Advancement of material vision or material civilization is a great stumbling block for spiritual advancement. Such material advancement entangles the living being in the bondage of a material body followed by all sorts of material miseries. Such material advancement is called anartha, or things not wanted. Actually this is so. In the present context of material advancement one uses lipstick at a cost of fifty cents, and there are so many unwanted things which are all products of the material conception of life. By diverting attention to so many unwanted things, human energy is spoiled without achievement of spiritual realization, the prime necessity of human life. The attempt to reach the moon is another example of spoiling energy because even if the moon is reached, the problems of life will not be solved. The devotees of the Lord are called akiñcanas because they have practically no material assets. Such material assets are all products of the three modes of material nature. They foil spiritual energy, and thus the less we possess such products of material nature, the more we have a good chance for spiritual progress.
The Supreme Personality of Godhead has no direct connection with material activities. All His acts and deeds, which are exhibited even in this material world, are spiritual and without affection for the modes of material nature. In the Bhagavad-gītā the Lord says that all His acts, even His appearance and disappearance in and out of the material world, are transcendental, and one who knows this perfectly shall not take his birth again in this material world, but will go back to Godhead.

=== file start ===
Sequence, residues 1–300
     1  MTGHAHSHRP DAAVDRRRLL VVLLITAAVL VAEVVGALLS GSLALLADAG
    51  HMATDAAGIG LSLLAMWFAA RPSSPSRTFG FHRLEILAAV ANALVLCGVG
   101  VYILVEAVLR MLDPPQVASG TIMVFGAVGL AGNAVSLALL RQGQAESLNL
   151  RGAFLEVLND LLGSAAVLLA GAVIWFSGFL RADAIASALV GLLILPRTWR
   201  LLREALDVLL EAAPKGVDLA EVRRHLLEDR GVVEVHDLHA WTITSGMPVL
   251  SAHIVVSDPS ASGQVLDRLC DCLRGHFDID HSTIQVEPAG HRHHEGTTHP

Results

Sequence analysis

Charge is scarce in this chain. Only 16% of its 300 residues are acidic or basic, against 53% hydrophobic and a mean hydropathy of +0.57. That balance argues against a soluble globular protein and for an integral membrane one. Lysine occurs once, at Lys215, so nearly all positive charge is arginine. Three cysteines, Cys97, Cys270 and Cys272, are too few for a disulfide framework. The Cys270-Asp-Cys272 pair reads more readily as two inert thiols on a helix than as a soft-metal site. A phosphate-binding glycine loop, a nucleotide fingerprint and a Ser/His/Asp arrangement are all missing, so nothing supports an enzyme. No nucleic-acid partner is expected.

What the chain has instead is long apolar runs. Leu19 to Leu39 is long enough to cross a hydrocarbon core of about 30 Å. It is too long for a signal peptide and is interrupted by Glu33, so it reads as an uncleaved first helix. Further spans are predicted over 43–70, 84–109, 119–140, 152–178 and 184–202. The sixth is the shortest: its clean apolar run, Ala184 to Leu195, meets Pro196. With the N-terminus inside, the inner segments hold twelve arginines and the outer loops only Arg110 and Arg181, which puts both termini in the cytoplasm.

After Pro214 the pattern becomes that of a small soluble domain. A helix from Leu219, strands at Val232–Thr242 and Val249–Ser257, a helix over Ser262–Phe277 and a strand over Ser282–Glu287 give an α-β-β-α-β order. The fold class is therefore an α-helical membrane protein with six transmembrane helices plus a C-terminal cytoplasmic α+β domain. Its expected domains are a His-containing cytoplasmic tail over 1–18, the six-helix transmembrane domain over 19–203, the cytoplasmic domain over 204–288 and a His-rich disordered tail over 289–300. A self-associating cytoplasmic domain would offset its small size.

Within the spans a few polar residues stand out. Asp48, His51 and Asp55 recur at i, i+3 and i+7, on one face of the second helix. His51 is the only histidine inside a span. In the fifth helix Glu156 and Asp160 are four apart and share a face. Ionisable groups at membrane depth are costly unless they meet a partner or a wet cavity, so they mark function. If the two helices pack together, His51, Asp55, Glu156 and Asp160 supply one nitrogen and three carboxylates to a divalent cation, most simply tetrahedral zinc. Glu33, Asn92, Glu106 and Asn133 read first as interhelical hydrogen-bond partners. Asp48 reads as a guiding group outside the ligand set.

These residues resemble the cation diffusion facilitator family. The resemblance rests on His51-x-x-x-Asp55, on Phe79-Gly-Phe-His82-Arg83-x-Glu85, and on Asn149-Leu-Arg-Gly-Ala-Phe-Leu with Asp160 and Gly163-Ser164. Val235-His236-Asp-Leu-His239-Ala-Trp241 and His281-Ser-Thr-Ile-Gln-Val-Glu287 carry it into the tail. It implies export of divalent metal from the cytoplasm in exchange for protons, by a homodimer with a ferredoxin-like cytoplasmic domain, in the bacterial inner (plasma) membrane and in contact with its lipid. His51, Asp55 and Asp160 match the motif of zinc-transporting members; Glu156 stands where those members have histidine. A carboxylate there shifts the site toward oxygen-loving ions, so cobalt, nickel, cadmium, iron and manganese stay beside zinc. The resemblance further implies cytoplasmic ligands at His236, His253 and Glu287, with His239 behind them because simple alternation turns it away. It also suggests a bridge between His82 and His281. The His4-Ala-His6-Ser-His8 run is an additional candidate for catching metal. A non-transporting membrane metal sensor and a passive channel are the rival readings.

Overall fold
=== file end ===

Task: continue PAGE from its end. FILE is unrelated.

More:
The material disease is due to hankering after and lording it over material nature. This hankering is due to an interaction of the three modes of nature, and neither the Lord nor the devotees have attachment for such false enjoyment. Therefore, the Lord and the devotees are called nivṛtta-guṇa-vṛtti. The perfect nivṛtta-guṇa-vṛtti is the Supreme Lord because He never becomes attracted by the modes of material nature, whereas the living beings have such a tendency. Some of them are entrapped by the illusory attraction of material nature.
Because the Lord is the property of the devotees, and the devotees are the property of the Lord reciprocally, the devotees are certainly transcendental to the modes of material nature. That is a natural conclusion. Such unalloyed devotees are distinct from the mixed devotees who approach the Lord for mitigation of miseries and poverty or because of inquisitiveness and speculation. The unalloyed devotees and the Lord are transcendentally attached to one another. For others, the Lord has nothing to reciprocate, and therefore He is called ātmārāma, self-satisfied. Self-satisfied as He is, He is the master of all monists who seek to merge into the existence of the Lord. Such monists merge within the personal effulgence of the Lord called the brahmajyoti, but the devotees enter into the transcendental pastimes of the Lord, which are never to be misunderstood as material.